After warm periods in March, April and June, July has been a scorcher; the temperature in the Fosterville vineyard recently hit 102 degrees! Summer is here and it’s hot, and we haven’t had much rain. We had measurable rain on June 18 in both of the vineyards and then nothing until July 14; and then just half an inch. On the upper part of the Fosterville vineyard, the younger vines are on well-drained soil with full exposure to the southwest sun, and in the last week, drought stress is readily apparent. The leaves are turning yellow then brown, and then falling off. The Owasco vineyard has an eastern-facing slope and is a bit cooler because of the lake, and the vines are faring much better there. Irrigation would be nice, and it’s something I’m seriously thinking about for next year.

Meanwhile, what can we do? We keep the weed growth down in the rows under the vines, and the cover crop cut real short in between the rows; this minimizes competition for what little moisture we have in the ground. We can also remove fruit from the vines that are in bad shape, allowing the canopy to remain hydrated, rather than the grapes. Better to have no fruit this year and vines next year! Grape-growing can sometimes be a gamble, and it sure looks like it this year. The one positive thing about the dry, hot weather is minimum mildew disease pressure. We continue to spray on 14-day intervals to be sure downy or powdery mildew won’t pop up if we suddenly get a week of wet weather. Last year it was hot and dry until Aug. 1, then we experienced three months of unusually wet weather — you just never know!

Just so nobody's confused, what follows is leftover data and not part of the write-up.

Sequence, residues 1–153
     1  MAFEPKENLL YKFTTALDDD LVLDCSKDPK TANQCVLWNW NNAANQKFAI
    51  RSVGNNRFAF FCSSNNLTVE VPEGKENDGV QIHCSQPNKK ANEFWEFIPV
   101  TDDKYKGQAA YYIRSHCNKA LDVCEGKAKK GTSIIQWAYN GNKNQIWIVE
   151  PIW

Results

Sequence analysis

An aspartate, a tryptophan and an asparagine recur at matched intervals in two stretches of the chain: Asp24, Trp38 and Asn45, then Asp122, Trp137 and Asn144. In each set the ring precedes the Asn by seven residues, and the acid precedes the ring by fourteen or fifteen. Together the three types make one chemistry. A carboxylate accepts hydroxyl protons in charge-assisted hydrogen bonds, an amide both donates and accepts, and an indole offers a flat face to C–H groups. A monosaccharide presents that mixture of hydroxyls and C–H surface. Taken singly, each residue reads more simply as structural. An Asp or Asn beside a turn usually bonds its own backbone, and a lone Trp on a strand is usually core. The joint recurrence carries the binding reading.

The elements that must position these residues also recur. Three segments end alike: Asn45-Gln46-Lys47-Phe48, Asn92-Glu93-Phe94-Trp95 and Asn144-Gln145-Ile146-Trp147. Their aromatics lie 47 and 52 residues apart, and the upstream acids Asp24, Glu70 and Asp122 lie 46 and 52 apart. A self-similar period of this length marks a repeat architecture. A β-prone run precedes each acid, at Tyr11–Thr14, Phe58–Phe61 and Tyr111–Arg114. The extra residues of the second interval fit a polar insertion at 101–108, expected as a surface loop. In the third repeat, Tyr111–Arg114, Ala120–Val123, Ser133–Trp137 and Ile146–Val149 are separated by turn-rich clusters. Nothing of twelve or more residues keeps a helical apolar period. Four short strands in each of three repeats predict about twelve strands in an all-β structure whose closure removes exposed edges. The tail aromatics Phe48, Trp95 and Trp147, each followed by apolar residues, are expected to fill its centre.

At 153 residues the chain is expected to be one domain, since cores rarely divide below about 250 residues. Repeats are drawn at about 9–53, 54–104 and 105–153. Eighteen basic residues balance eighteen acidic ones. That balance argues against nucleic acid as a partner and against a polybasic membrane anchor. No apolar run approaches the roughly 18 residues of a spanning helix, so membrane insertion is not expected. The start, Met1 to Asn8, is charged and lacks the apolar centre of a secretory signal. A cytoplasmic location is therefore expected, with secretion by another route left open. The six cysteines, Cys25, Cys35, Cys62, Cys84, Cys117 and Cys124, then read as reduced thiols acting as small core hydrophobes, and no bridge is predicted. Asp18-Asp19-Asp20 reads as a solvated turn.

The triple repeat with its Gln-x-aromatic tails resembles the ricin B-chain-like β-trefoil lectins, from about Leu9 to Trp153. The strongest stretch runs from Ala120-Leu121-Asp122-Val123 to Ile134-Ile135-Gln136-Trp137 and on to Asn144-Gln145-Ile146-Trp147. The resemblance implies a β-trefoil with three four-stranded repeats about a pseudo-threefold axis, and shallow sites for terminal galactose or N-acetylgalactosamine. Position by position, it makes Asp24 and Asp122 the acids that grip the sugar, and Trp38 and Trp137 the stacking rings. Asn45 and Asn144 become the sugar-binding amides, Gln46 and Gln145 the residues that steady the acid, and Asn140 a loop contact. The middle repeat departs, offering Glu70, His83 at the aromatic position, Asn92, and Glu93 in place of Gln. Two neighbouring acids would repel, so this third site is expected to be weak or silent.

The hot weather has also slowed down canopy growth, so we haven’t had to do as much hedging as usual. Hedging is done when the vines grow over the top of the trellis and droop down; we get out the hedge shears and lop off the tops to prevent shading of the grape clusters, and this promotes better air circulation to minimize mildew formation. We haven’t seen any Japanese beetles yet, which is good. We don’t need them chewing on the remaining leaves on the drought-stressed vines!

In the winery, we continue to bottle some of the 2010 red vintages and some of the 2011 white wines. The 2010 dry reds are superb; we had lots of heat and plenty of rain to make the perfect season back in 2010. You can taste it in the wines: the Finger Lakes reds are full-bodied, with lots of tannins, great flavors and wonderful aromas, and the whites are clean and crisp, with just the right amount of acid to be food-friendly. We also start to prepare for the upcoming crush and winemaking. We order the yeasts, yeast nutrients and malolactic cultures we’ll need in the fall. We review our cellar for oak barrels to determine how many new ones we’ll order. In August, the crusher, de-stemmer and the press get cleaned and inspected to be sure they’ll be ready to go! It’s going to be a wild time in the winery in less than two months!

June and July have been very busy in the tasting room, with lots of visitors from New Jersey, Pennsylvania and downstate New York. The Finger Lakes is a fantastic vacation area, and it’s only a few hours away from some major metropolitan areas. This weekend, take a trip to your favorite local Finger Lakes winery and walk through their vineyards and check out the vines, and while you’re there, taste some of the great wines being produced right here in your backyard.

Chris Scholomiti is co-owner and winemaker at CJS Vineyards & Aurelius Winery, located at 6900 Fosterville Road, Auburn. For more information, visit or email

(0) comments

Welcome to the discussion.

Keep it Clean. Please avoid obscene, vulgar, lewd, racist or sexually-oriented language.
Don't Threaten. Threats of harming another person will not be tolerated.
Be Truthful. Don't knowingly lie about anyone or anything.
Be Nice. No racism, sexism or any sort of -ism that is degrading to another person.
Be Proactive. Use the 'Report' link on each comment to let us know of abusive posts.
Share with Us. We'd love to hear eyewitness accounts, the history behind an article.